Timing is essential in the strategy execution. However, getting the timing ‘right’ is hard: if senior managers push a strategy too quickly through the organization, the strategy does not ‘sink in’ the organization, senior managers may lose potential allies, not involve relevant stakeholders and the strategy execution is likely to fail. If senior managers are too slow, they lose the momentum, and people may be demotivated, the strategic initiative loses priority, and again, strategy execution fails. How could senior managers get the timing right?

We conducted inductive empirical study based on 35 interviews with senior managers, from CEO to project managers, to find out more. Our findings suggest that senior managers face four temporal dilemmas to time strategic work:

  • Time horizon dilemma: Our interviewees pondered their level of ambition. They argued that while strategies are about the future, how ambitious could they be? How could they balance the need for realism and idealism? While long-term horizon allowed for ambitious goals, they could easily become abstract and unrealistic; in the meanwhile, short-term horizon was concrete but only allowed to solve minor operational challenges and lacked ambition.
  • Urgency dilemma: Our interviews suggest that pressing for urgency needs to be balanced with time for reflection. They reported being frustrated with the need to both set up a sense of urgency for initiating and engaging in the project, while also allowing ideas to ‘sink in’ slowly which often resulted in slower processes. Managers often found it challenging to understand when to suspend urgency and when to continue pushing for delivery.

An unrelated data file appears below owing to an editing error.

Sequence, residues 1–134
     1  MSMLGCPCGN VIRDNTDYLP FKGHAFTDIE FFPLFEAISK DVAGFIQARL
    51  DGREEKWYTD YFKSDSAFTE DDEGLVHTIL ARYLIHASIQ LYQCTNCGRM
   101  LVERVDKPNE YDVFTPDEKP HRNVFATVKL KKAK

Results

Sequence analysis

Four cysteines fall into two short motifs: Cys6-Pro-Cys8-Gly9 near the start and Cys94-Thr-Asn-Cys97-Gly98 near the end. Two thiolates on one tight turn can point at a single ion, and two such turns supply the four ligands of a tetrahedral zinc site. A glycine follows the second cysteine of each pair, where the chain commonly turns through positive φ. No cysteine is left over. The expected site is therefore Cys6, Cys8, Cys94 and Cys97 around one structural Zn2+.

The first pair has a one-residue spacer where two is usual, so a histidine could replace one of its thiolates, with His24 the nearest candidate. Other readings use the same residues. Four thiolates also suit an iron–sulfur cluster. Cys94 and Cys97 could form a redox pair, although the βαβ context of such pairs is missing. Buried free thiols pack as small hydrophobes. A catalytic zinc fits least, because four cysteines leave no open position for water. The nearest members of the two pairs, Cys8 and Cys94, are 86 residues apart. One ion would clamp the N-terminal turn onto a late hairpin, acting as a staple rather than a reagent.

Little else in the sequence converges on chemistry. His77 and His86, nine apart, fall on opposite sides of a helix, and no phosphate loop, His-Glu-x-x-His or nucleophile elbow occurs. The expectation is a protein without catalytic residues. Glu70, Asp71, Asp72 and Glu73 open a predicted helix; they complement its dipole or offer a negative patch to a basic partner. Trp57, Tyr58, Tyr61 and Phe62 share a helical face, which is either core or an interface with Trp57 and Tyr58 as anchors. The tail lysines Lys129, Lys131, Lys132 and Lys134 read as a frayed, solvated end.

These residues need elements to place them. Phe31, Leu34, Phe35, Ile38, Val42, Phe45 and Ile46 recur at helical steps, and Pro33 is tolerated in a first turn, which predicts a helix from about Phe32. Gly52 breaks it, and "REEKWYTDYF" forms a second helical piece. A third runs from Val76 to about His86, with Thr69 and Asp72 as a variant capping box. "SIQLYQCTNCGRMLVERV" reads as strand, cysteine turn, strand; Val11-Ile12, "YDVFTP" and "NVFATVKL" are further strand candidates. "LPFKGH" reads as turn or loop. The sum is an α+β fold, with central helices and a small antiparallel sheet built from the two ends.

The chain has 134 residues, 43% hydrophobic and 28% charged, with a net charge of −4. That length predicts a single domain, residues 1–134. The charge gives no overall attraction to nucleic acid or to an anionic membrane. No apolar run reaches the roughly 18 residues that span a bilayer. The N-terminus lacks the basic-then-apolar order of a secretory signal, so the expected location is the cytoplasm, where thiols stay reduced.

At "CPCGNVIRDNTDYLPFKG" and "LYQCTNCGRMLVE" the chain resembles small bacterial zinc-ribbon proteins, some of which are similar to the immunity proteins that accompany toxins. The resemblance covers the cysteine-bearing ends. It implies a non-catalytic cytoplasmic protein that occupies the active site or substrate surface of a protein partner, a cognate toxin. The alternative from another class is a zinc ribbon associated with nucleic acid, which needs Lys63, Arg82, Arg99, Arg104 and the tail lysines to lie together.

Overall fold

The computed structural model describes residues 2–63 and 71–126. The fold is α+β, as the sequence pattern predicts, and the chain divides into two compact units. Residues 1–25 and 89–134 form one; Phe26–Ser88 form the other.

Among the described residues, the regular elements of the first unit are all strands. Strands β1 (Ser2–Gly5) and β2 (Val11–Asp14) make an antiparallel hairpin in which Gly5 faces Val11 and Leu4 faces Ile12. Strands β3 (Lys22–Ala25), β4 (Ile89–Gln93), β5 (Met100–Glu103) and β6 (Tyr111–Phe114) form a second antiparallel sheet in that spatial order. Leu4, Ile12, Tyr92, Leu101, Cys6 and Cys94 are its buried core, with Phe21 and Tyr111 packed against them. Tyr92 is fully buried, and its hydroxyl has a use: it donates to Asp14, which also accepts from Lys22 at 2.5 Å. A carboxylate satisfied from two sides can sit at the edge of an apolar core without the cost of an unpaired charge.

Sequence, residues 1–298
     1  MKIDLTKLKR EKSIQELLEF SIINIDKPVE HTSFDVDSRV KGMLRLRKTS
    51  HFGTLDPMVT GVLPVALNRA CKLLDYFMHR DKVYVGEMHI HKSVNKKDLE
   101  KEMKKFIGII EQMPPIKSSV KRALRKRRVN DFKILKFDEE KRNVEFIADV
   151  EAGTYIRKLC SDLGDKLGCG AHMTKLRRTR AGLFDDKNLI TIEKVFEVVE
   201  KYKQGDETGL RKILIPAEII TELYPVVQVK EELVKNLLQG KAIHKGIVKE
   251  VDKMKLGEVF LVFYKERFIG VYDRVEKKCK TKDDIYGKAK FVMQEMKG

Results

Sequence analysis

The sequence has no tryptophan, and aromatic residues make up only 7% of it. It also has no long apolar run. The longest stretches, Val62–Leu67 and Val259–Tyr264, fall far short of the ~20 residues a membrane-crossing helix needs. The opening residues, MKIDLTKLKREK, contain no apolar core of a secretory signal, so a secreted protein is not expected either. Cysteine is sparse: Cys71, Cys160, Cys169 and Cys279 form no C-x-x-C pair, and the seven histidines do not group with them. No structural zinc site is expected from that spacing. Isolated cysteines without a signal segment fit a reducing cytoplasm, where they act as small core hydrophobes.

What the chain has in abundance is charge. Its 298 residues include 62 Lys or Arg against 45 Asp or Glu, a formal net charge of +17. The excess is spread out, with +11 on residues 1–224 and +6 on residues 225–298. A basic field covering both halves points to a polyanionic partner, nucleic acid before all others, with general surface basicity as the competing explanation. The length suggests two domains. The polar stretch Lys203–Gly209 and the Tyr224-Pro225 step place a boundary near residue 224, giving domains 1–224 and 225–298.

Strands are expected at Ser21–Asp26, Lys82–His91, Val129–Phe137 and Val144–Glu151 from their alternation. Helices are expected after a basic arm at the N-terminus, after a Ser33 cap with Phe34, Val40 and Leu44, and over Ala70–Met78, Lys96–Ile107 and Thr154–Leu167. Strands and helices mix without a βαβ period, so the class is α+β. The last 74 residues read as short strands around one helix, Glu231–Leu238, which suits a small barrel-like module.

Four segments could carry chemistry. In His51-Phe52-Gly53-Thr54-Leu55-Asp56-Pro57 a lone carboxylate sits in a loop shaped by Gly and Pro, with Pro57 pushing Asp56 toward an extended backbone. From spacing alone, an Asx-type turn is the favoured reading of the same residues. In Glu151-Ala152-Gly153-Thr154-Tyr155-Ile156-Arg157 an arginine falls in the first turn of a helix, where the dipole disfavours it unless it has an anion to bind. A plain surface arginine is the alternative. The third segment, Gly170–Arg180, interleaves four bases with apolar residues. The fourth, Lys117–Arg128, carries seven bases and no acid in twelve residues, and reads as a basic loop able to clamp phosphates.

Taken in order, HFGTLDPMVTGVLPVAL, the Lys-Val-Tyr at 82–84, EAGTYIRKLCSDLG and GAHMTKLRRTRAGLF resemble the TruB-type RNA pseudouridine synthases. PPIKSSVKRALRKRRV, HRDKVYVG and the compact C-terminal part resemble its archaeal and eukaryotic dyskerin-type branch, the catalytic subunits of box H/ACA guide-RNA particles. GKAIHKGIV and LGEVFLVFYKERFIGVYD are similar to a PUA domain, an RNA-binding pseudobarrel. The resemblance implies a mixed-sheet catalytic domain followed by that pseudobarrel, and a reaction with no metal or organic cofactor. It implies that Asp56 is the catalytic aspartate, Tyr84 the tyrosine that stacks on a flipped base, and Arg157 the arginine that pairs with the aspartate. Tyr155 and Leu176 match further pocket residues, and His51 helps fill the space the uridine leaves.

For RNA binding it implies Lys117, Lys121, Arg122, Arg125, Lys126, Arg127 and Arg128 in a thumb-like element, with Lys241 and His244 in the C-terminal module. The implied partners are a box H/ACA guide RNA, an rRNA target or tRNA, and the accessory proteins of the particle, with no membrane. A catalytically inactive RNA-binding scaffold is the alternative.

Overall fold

• Process dilemma: most interviewees attempted to follow classic organizational change and strategy deployment models from textbooks and consultancies. However, they also recognized the need for iteration and modification of sequences of work established upfront. Their dilemma here was to choose between the need and expectation to ‘stick to the plan’ or allowing necessary adjustments and iterative work to progress the project.
  • Rhythm dilemma: organizations have a heartbeat: Monday meetings, progress review every third month, strategy planning every three years etc. However, the rhythm of the project, our interviewees reckoned, did not necessarily fit the rhythm of the permanent organization. Part of their work was to entrain the project rhythm in the organization and balance the extent to which they could leverage organizational rhythms in their project work and when they had to interfere with them.

Timing the execution of a strategy can be challenging and constitute an important risk. The study explores simple practices involved in getting the time right.